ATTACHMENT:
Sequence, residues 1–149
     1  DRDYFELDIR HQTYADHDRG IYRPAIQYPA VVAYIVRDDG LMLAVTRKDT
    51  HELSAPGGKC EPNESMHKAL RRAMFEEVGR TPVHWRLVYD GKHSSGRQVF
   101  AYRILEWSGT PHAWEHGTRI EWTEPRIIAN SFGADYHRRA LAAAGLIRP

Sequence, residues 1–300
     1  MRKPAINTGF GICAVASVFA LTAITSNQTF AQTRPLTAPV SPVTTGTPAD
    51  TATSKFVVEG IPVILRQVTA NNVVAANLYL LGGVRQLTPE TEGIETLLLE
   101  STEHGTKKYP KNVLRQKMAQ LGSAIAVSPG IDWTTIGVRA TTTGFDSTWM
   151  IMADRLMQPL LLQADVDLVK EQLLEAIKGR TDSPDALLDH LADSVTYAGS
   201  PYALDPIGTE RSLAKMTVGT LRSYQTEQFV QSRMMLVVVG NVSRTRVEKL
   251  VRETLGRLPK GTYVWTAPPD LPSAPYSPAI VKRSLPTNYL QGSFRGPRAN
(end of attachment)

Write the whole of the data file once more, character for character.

Sequence, residues 1–149
     1  DRDYFELDIR HQTYADHDRG IYRPAIQYPA VVAYIVRDDG LMLAVTRKDT
    51  HELSAPGGKC EPNESMHKAL RRAMFEEVGR TPVHWRLVYD GKHSSGRQVF
   101  AYRILEWSGT PHAWEHGTRI EWTEPRIIAN SFGADYHRRA LAAAGLIRP

Sequence, residues 1–300
     1  MRKPAINTGF GICAVASVFA LTAITSNQTF AQTRPLTAPV SPVTTGTPAD
    51  TATSKFVVEG IPVILRQVTA NNVVAANLYL LGGVRQLTPE TEGIETLLLE
   101  STEHGTKKYP KNVLRQKMAQ LGSAIAVSPG IDWTTIGVRA TTTGFDSTWM
   151  IMADRLMQPL LLQADVDLVK EQLLEAIKGR TDSPDALLDH LADSVTYAGS
   201  PYALDPIGTE RSLAKMTVGT LRSYQTEQFV QSRMMLVVVG NVSRTRVEKL
   251  VRETLGRLPK GTYVWTAPPD LPSAPYSPAI VKRSLPTNYL QGSFRGPRAN